Leave a comment

Death of Tony Gregory, Independent Politician & TD

Tony Gregory, Irish independent politician and a Teachta Dála (TD) for the Dublin Central constituency from 1982 to 2009, dies in Dublin on January 2, 2009.

Gregory is born on December 5, 1947, in Ballybough on Dublin’s Northside, the second child of Anthony Gregory, warehouseman in Dublin Port, and Ellen Gregory (née Judge). He wins a Dublin Corporation scholarship to the Christian BrothersO’Connell School. He later goes on to University College Dublin (UCD), where he receives a Bachelor of Arts degree and later a Higher Diploma in Education, funding his degree from summer work at the Wall’s ice cream factory in Acton, London. Initially working at Synge Street CBS, he later teaches history and French at Coláiste Eoin, an Irish language secondary school in Booterstown. His students at Synge Street and Coláiste Eoin include John Crown, Colm Mac Eochaidh, Aengus Ó Snodaigh and Liam Ó Maonlaí.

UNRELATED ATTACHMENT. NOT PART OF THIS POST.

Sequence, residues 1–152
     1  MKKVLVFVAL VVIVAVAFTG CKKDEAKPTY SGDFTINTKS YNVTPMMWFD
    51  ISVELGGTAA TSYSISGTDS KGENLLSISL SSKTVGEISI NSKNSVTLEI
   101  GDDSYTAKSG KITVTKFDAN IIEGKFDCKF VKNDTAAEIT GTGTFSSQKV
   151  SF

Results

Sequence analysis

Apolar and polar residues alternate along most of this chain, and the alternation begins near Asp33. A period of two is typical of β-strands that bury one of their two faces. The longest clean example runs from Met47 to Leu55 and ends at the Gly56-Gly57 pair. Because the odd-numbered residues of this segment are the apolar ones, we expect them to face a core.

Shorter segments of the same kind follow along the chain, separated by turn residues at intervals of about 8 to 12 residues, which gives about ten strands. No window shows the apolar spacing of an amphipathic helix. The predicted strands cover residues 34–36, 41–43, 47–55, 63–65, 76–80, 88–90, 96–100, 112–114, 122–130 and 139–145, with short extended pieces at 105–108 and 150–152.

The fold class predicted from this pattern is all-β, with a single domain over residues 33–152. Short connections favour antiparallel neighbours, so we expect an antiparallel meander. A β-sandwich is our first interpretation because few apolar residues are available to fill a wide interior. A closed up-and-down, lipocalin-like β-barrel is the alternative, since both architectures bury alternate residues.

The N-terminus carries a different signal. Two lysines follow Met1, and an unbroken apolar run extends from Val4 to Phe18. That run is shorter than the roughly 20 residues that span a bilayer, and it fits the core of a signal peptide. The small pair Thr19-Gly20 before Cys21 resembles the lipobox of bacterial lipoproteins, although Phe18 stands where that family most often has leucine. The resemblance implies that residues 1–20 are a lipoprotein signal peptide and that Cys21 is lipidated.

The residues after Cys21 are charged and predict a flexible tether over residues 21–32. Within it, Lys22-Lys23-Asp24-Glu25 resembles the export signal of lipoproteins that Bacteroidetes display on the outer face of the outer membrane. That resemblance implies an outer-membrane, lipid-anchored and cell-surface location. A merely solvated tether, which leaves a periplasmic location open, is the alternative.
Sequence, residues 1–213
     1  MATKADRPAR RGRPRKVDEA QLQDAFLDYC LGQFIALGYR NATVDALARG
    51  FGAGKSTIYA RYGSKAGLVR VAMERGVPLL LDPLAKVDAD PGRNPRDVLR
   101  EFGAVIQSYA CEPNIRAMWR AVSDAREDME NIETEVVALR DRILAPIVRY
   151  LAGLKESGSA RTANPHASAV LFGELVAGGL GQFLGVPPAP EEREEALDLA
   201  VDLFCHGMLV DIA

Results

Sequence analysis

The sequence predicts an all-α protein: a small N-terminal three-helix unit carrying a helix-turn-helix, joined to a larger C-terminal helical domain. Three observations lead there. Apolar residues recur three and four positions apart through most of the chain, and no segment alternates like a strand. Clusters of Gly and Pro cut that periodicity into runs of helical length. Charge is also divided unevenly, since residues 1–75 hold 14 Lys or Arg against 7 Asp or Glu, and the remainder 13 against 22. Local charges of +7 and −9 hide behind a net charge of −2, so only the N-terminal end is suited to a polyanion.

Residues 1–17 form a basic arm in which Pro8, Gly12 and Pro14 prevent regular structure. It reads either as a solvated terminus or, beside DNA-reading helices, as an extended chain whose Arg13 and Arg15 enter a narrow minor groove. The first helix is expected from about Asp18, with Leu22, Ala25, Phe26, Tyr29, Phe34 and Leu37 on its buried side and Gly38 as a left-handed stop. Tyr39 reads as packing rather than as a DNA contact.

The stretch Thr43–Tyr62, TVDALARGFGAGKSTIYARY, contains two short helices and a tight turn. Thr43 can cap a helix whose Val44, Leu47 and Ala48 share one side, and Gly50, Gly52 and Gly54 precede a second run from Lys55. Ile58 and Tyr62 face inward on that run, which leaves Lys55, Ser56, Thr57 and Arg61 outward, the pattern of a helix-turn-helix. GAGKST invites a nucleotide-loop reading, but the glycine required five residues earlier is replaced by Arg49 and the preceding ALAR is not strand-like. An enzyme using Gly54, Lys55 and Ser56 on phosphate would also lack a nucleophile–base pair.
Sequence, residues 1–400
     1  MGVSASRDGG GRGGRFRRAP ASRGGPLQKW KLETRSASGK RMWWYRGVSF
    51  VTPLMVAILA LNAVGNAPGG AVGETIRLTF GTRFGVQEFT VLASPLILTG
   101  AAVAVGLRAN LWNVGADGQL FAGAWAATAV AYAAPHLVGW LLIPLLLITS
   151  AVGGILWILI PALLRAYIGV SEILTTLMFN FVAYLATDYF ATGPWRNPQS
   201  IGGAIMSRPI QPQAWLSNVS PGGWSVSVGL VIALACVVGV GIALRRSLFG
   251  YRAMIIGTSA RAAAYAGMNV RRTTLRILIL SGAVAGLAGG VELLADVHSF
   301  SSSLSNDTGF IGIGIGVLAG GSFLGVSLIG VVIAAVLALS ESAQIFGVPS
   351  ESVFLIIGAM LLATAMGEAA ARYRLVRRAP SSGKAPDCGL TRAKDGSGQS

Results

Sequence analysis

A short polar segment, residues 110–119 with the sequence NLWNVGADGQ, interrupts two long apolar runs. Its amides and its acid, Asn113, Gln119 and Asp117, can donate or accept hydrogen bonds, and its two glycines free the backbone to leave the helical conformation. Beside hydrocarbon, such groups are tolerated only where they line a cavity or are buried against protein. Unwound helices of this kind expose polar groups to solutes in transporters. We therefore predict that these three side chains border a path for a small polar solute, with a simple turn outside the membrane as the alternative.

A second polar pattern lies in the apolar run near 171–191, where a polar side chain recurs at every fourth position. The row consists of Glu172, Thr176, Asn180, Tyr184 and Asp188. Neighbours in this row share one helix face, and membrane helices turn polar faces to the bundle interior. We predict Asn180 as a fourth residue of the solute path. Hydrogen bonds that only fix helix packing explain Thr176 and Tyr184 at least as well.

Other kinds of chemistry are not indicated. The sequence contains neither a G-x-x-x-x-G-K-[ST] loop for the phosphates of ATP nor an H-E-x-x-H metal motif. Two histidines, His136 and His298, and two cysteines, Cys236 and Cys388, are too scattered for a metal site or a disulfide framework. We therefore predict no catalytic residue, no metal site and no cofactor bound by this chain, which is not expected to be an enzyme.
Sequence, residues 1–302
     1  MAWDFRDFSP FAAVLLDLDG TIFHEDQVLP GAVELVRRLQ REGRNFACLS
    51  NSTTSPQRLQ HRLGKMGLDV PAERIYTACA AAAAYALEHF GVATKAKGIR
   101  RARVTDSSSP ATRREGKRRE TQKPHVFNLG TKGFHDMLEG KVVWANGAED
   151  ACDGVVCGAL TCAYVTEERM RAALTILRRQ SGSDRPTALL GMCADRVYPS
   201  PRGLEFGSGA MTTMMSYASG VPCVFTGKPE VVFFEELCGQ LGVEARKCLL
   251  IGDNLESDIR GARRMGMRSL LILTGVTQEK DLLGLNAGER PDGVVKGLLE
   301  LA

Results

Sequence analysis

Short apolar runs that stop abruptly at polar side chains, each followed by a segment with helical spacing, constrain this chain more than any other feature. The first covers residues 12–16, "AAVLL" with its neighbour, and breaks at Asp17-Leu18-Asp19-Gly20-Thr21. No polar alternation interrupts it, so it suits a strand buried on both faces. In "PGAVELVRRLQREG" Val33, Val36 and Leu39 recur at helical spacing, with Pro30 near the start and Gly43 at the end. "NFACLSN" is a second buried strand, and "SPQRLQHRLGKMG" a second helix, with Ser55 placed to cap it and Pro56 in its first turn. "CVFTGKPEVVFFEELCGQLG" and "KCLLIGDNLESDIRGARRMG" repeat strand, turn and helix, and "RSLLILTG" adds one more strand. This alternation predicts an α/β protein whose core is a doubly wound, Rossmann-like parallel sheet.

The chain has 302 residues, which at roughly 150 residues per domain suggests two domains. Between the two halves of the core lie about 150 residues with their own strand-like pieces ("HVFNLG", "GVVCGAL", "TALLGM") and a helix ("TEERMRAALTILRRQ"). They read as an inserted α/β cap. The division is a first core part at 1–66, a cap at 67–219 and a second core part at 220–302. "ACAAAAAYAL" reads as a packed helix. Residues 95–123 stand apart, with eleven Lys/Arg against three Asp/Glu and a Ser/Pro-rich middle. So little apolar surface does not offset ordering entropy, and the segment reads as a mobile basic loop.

Gregory becomes involved in republican politics, joining Sinn Féin and the Irish Republican Army (IRA) in 1964. In UCD he helps found the UCD Republican Club, despite pressure from college authorities, and becomes involved with the Dublin Housing Action Committee. Within the party he is a supporter of Wicklow Republican Seamus Costello. Costello, who is a member of Wicklow County Council, emphasises involvement in local politics and is an opponent of abstentionism. Gregory sides with the Officials in the 1970 split within Sinn Féin. Despite having a promising future within the party, he resigns in 1972 citing frustration with ideological infighting in the party. Later, Costello, who had been expelled by Official Sinn Féin, approaches him and asks him to join his new party, the Irish Republican Socialist Party. He leaves the party after Costello’s assassination in 1977. He is briefly associated with the Socialist Labour Party.